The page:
Northern Rivers Ecosystem Initiative: Nutrients and Dissolved Oxygen – Issues and Impacts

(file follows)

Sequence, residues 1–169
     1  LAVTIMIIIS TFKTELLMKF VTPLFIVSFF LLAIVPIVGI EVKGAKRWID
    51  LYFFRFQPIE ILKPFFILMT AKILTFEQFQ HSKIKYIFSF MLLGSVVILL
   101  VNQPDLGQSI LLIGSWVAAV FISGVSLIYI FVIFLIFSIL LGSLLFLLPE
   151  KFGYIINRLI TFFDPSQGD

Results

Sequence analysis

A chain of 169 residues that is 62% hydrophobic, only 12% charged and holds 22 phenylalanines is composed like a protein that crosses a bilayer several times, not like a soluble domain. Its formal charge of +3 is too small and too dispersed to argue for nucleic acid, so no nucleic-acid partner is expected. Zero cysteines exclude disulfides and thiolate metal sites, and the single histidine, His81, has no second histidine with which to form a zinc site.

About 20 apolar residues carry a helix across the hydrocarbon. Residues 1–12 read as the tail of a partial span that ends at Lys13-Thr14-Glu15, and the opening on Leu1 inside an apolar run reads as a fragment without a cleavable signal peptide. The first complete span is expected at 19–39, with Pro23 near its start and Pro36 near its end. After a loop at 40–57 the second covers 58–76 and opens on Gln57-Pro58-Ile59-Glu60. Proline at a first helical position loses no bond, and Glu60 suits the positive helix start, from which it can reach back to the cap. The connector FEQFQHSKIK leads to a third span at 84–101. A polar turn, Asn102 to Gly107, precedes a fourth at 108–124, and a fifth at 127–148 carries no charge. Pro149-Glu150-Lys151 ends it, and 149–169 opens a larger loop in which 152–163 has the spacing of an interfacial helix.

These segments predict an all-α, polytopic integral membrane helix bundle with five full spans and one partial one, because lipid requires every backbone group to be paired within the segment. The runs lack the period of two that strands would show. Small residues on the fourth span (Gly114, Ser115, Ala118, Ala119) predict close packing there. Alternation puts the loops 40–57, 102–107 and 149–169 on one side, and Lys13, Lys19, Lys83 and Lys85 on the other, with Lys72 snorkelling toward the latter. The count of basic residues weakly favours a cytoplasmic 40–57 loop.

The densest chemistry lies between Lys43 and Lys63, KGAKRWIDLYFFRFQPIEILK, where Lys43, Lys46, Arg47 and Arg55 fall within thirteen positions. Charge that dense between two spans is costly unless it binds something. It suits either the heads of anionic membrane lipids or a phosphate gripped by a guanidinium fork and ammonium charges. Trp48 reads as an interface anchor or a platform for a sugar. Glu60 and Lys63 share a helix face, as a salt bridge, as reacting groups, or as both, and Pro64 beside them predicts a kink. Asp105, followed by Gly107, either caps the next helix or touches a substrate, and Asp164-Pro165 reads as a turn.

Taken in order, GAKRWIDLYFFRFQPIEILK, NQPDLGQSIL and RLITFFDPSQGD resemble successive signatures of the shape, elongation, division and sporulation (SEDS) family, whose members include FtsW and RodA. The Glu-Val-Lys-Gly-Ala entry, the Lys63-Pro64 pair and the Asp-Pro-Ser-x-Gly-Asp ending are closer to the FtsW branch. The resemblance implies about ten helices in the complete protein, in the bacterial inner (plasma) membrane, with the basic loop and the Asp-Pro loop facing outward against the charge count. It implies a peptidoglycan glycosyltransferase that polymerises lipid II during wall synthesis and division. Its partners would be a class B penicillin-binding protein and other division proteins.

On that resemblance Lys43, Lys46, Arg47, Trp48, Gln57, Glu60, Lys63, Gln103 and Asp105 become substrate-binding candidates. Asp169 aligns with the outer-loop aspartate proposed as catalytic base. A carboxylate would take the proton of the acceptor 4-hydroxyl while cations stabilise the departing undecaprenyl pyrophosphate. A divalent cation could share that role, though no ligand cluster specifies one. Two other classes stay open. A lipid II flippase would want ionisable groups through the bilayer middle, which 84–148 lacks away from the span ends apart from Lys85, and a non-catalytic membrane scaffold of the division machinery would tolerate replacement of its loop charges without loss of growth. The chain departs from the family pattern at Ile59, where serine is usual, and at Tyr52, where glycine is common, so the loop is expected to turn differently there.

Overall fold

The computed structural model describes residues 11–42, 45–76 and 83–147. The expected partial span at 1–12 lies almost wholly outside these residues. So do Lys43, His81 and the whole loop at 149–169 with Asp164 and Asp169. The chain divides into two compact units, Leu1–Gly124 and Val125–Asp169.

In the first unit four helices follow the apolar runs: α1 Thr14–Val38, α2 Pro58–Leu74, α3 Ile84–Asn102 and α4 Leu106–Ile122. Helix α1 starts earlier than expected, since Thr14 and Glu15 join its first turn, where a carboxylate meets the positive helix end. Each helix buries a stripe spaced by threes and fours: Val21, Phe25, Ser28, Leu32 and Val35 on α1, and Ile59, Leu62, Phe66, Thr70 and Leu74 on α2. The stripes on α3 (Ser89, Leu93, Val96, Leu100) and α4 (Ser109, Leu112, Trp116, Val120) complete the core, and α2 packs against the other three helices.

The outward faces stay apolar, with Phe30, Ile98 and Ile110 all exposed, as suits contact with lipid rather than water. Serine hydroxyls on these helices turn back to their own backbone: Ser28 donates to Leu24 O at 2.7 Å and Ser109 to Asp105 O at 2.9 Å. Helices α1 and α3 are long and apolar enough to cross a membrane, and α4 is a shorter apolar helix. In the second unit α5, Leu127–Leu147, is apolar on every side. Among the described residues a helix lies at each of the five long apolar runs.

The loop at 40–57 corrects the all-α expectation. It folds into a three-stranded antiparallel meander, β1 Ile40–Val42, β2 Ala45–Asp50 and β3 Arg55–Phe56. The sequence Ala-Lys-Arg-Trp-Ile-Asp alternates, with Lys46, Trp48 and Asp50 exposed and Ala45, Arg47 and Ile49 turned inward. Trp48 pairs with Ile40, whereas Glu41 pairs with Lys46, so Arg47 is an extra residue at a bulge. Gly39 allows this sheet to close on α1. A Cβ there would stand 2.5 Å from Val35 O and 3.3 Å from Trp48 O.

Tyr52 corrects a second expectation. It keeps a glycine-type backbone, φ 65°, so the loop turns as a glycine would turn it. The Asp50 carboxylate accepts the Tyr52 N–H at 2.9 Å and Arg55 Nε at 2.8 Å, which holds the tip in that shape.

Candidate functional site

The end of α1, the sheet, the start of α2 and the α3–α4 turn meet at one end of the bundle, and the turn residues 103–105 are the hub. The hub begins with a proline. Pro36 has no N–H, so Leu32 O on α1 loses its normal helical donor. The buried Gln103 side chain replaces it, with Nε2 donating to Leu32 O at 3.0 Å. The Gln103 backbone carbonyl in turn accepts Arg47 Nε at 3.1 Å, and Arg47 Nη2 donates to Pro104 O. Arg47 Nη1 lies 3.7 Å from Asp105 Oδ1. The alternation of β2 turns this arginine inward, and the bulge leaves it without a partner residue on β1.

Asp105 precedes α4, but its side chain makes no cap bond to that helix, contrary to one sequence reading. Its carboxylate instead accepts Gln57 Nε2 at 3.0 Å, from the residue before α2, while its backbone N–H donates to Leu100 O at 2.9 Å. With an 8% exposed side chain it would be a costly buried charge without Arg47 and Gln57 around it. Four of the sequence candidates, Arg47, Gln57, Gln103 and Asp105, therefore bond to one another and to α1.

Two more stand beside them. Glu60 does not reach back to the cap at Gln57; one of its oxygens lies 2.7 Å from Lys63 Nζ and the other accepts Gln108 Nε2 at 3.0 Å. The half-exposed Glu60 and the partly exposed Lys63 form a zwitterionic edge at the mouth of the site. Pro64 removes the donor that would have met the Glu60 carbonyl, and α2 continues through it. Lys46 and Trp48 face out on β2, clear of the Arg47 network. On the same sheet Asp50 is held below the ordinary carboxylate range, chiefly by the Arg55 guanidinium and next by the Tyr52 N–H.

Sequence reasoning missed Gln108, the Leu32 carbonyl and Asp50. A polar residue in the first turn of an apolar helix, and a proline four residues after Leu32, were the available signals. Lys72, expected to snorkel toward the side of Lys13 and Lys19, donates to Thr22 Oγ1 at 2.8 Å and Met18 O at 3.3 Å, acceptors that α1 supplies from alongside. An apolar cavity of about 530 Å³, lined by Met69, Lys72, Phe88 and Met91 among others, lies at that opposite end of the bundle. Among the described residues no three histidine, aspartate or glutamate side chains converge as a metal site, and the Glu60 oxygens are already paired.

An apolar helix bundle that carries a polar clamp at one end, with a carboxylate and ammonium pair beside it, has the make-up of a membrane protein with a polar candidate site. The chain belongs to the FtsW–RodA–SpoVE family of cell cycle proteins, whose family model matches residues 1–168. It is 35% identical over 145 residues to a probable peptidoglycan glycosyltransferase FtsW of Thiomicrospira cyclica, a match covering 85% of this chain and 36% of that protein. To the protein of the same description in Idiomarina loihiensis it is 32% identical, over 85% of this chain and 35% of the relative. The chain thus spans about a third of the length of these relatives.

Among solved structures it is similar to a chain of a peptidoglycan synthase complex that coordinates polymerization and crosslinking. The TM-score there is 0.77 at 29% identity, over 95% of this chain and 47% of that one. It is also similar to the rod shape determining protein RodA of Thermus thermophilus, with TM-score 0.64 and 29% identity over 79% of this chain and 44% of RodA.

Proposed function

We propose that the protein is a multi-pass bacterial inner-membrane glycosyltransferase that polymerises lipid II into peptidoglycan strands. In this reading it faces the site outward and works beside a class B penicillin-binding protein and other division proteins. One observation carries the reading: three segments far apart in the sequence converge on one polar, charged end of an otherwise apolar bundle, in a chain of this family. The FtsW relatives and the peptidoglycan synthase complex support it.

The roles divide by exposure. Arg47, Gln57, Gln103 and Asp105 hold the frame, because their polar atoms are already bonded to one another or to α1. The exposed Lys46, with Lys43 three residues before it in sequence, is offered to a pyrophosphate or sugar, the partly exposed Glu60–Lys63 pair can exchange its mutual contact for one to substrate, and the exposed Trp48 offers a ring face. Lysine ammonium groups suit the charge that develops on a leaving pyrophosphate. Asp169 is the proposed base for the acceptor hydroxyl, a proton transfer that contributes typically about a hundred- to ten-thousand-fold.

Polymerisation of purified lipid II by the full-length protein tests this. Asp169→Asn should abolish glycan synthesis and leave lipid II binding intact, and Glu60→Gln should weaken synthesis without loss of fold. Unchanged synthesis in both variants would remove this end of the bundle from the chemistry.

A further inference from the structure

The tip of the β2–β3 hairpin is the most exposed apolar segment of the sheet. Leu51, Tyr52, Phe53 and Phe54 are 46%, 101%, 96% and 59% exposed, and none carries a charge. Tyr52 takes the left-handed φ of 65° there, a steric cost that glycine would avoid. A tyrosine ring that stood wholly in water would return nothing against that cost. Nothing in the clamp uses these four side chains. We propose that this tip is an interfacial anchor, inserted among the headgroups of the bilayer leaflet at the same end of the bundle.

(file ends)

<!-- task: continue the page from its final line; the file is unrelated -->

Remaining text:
Anthropogenic inputs of nitrogen (N), phosphorus (P) and oxygen-consuming material to aquatic ecosystems can change nutrient dynamics, deplete oxygen, and change abundance and diversity of aquatic plants and animals. The Northern Rivers Ecosystem Initiative required a research and assessment program to establish the contribution of pulp mill and sewage discharges to eutrophication and depressions in dissolved oxygen (DO) in the Athabasca and Wapiti rivers of northern Alberta, Canada and examine the adequacy of existing guidelines for protecting these systems. Analysis of long-term data showed that total N (TN) and total P (TP) concentrations in exposed river reaches exceeded concentrations in reference reaches by = 2 times for the Athabasca River, and by 9.6 (TP) and 2.6 (TN) times for the Wapiti River. Results from nutrient limitation experiments conducted in situ and in mesocosms showed that benthic algal production was nutrient sufficient downstream of pulp mill discharges but constrained in upper river reaches by insufficient P (Athabasca River) or N + P (Wapiti River). Dissolved oxygen (DO) concentrations in both rivers declined during winter such that median concentrations in the Athabasca River 945 km downstream of the headwaters were approximately 8 mg L-1 in mid-February. Although water column DO rarely approached the guideline of 6.5 mg L-1, DO studies undertaken in the Wapiti River showed that pore water DO often failed to meet this guideline and could not be predicted from water column DO. Results from this integrated program of monitoring and experimentation have improved understanding of the interactions between nutrients, DO and aquatic ecosystem productivity and resulted in recommendations for revisions to nutrient and DO guidelines for these northern rivers.